The 6,000 patents are probably very diverse, so they probably all put up the amount for the patents that affected them the most.  I’m guessing AAPL spent close to $2B on this (my rough guess is $1B Microsoft, $500M Sony, $770M RIMM, $340M Ericsson, EMC chipping in some $100M, and Apple putting up the rest).  It’s a lot of money, but at the current rate, this is just 4 week’s worth of AAPL’s earnings.

    Notice that RIMM paid a pretty penny.  Spending so much of their stash at this point (they had $3B recently, so this is roughly 25%), probably means Apple/Microsoft were playing hardball even within the group, forcing everybody to pay their “fair share”, or risk get thrown out. 

    EMC being part of the group is also interesting.  Why in heck would EMC be interested in telecom patents?  Maybe this just bought them the right to cross license patents with other members of the group?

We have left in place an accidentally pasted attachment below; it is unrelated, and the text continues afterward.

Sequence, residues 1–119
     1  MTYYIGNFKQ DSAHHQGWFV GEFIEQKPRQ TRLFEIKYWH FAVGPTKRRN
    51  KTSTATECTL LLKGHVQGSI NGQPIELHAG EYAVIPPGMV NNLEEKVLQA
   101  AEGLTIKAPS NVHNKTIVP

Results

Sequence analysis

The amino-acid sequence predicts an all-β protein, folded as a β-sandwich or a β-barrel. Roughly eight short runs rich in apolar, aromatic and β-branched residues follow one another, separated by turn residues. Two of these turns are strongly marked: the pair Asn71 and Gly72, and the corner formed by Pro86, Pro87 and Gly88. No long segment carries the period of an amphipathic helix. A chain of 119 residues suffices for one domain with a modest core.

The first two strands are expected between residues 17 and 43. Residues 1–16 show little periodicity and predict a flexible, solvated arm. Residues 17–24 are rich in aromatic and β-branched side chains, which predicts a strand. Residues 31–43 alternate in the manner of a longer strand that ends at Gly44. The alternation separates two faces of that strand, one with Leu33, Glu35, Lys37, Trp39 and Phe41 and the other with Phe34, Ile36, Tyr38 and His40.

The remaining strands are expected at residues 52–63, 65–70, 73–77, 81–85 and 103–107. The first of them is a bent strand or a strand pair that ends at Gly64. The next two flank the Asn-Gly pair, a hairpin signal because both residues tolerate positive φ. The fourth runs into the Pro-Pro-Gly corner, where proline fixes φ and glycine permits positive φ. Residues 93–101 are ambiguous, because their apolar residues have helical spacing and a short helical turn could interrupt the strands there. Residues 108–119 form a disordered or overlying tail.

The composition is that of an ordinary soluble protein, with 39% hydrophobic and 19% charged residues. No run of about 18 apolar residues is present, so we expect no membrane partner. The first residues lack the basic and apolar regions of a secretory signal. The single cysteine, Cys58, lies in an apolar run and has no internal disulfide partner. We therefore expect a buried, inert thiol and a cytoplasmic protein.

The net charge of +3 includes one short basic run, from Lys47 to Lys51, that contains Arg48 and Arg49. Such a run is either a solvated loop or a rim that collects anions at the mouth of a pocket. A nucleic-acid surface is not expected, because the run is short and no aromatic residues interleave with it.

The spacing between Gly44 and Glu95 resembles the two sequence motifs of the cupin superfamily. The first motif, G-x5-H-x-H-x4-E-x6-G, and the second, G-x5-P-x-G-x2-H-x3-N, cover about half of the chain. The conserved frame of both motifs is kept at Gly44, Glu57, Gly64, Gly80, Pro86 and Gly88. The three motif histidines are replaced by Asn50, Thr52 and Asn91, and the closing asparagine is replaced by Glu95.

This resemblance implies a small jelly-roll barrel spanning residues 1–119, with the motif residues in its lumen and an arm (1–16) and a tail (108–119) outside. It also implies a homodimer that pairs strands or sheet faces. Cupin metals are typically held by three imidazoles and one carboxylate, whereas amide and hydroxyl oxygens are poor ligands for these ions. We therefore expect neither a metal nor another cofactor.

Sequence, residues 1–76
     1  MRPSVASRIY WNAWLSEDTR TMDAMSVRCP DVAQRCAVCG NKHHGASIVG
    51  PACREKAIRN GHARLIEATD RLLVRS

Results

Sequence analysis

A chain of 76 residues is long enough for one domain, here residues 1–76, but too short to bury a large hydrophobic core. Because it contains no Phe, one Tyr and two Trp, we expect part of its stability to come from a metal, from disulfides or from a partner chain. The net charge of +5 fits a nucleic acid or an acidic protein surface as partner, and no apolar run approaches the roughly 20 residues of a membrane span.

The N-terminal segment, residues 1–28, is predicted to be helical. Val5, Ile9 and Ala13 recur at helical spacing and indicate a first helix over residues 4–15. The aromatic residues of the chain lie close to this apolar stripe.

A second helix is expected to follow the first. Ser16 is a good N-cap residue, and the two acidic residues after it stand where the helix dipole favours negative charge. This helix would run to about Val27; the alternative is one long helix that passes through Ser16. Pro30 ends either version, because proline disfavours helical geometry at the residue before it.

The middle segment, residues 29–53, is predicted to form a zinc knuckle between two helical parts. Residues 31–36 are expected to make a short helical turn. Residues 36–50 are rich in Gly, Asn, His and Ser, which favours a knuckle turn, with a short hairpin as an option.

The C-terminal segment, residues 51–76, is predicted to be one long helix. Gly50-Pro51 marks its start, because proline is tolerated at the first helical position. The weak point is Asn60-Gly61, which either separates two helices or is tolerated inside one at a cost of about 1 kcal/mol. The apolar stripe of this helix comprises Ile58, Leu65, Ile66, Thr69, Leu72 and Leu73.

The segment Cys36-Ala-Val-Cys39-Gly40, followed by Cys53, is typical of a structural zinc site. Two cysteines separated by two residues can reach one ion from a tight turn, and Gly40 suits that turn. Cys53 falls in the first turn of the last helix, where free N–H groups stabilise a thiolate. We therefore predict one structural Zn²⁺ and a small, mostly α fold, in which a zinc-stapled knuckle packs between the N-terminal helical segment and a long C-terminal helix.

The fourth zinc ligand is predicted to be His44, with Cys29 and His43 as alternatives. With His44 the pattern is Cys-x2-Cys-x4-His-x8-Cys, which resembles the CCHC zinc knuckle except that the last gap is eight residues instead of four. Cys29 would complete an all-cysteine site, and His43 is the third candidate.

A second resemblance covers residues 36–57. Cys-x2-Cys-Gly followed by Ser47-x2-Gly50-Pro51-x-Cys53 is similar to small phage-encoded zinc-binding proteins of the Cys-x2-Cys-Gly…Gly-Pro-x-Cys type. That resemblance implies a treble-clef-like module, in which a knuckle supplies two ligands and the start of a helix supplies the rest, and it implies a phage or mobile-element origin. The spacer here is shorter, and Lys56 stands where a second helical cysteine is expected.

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    Posted: 01 July 2011 04:51 AM #5

    Interesting!  Apple does “share” from time to time but I wasn’t thinking they’d go the consortium route for this one. 

    Anyway, it’s a very savvy move, and everyone owns the same stuff so it’s win-win all around.  This is one heck of a “strategic” investment (you don’t think this has anything to do with Tim Cook’s comments from a recent CC, do you?).  Easily paid from Apple’s gigantic cash pile, and because of its consortium nature, the antitrust regulators probably weren’t nearly as worried.

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  • Posted: 01 July 2011 06:07 AM #6

    An Apple Masterpiece today :D Partner with non innovative competitors to save the patents they wanted , paying less, everyone has all the patents now !!

    Great Rockstar Bidco :D :D

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  • Posted: 01 July 2011 07:33 AM #7